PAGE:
How to Paint Cats
OK, I'm being silly with my title for this post. I went down to Washington, D.C. to the wonderful Smithsonian American Art Museum yesterday, perhaps my all time favorite museum.
Above is a detail out of one of SAAM's holdings, titled Man with a Cat. It's a portrait by Cecilia Beaux (1855 - 1942), an American painter who was a contemporary of John Singer Sargent. I believe it is reproduced often to meet the insatiable demands of the cat-loving art public (of which I am a member).
Born to a wealthy Philadelphia family that owned a silk factory, her mother died at age 33 after giving birth to the future artist. I've always imagined the family dynamics must have been pretty tough for Cecilia after that. Perhaps it gave her extra determination and pluck as Beaux went on to be come an amazing artist and one of the best known female painters at a time when women were almost entirely dismissed as artists.
Beaux knew her stuff. Let's look at the detail of the cat for a moment. The artist very carefully avoided getting sucked into trying to render the actual texture of the fur or the cat's whiskers. Instead she picks a pose where the light from above falls on the cat's body in a way that creates clear and simple volumes.
For example, see how the cat's face, neck and chest are lost in shadow. Then Beaux pushes the cat's two front paws out toward the viewer and into the direct light. Each paw is conceived in Beaux's mind's eye as simple cylinder. I particularly like the short curved dark lines Beaux puts on the end ot paw on our right to indicate the individual toes. Their lines curve beautifully around the cylindrical paw and evoke the "footness" of the form. You can tell Beaux was a big fan of cat feet. Who isn't?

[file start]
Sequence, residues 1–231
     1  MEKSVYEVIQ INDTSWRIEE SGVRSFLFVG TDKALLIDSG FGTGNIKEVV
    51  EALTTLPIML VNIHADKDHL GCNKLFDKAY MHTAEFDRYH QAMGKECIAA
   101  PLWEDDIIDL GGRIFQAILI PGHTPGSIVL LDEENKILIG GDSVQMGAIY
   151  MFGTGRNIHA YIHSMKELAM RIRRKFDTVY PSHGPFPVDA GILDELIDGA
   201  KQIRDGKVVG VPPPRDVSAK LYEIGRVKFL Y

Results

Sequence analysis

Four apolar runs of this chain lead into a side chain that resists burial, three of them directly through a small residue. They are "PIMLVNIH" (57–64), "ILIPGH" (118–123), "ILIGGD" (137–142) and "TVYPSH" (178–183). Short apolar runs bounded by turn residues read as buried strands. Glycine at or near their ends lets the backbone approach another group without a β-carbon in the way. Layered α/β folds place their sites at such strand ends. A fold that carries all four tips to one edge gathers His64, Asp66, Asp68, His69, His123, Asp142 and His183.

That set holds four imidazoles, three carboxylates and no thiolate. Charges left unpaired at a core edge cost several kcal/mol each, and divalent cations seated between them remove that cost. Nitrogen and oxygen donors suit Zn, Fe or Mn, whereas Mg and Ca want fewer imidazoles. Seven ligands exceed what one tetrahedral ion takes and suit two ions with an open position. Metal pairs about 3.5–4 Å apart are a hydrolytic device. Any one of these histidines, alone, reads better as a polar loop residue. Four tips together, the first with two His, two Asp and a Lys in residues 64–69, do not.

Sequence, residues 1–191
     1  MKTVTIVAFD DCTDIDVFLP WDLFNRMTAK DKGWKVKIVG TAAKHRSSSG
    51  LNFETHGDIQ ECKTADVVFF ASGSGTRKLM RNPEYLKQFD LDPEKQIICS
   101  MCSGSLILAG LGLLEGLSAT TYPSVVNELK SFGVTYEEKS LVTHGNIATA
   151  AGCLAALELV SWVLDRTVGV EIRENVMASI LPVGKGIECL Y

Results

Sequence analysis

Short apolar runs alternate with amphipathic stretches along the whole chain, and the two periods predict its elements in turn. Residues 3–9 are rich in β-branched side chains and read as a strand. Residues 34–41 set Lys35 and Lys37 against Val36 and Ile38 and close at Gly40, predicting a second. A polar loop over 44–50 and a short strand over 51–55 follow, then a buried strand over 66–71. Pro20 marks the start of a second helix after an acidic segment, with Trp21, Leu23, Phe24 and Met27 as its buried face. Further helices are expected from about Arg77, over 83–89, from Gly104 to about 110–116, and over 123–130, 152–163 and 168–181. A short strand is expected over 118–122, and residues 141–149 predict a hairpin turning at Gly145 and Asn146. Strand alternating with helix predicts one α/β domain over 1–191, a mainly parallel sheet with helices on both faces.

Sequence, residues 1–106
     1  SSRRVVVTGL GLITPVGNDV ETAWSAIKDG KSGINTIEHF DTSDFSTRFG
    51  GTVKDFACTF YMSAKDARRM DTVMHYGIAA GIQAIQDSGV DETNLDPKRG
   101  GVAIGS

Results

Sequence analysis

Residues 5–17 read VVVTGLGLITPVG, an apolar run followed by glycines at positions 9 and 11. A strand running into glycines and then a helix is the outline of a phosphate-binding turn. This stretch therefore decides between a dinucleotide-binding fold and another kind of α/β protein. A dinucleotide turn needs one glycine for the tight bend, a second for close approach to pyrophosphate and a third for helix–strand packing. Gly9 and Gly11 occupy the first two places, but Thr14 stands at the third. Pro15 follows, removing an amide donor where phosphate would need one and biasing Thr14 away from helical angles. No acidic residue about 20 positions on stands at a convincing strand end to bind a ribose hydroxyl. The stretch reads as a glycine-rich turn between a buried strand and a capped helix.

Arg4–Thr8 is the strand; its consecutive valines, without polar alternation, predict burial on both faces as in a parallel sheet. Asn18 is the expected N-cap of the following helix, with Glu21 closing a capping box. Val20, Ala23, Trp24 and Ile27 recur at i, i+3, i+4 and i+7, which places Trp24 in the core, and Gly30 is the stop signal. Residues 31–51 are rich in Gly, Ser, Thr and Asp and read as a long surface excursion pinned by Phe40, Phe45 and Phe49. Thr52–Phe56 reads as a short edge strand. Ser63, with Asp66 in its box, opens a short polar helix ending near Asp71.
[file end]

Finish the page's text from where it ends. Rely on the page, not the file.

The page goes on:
Here's the entire painting below.
Beaux is showing us another great lesson for would-be cat painters. If you want a convincing cat, construct a place for the cat to be. Look at the space of the man's lap where the cat is ever so comfortably ensconsed. The light-bathed lap is farther away from us than the man's shadowed arm and thigh. Beaux has created an foreground that feels differently than the middleground space of the lap. Then immediately in back of the cat's fluffy ears we leave the light and plunge back into a more distant shadowed void.
Artists succeed when they fall in love with spaces. As I often tell my students, space is an emotional issue in art. Think for a moment of a dream you have had where you're being pursued by some fearsome or dangerous character. As they come closer, you get more afraid. Or the dream where someone you miss is moving still farther away from you. There you experience the physical distance as emotionally painful. Artists instinctively know that our experinece of our feelings is inseparably connected with how we experience the spaces in our lives. We feel Beaux's cat so well because she places him so convincingly on the man's lap, just as we believe the man is really sitting in that half shadowed room.
Here's one last lovely detail- the lapels of the man's jacket.
Beaux has a ball sculpting these lapels like the giant petals of a blossom of a Georgia O'Keefe flower. Beaux is finding personality for her subject in a detail others might overlook. Imagine replacing this guy's formal ourfit with just an ordinary t-shirt. You could do it, but then Beaux would have had to come up with some other unexpected detail to amplify the feelng she wanted from her sitter.
In the actual canvas if one looks closely Beaux has painted in a subtle trace of alizarin crimson (cranberry) color underneath the man's tie. Was that color actually there so prominently? Who knows, but it plays off so beautifully against the restrained creamy warm and cool greys of his jacket. Beaux probably played around a lot with the actual colors she saw, trying this and then trying that until she evoked the personality she was after.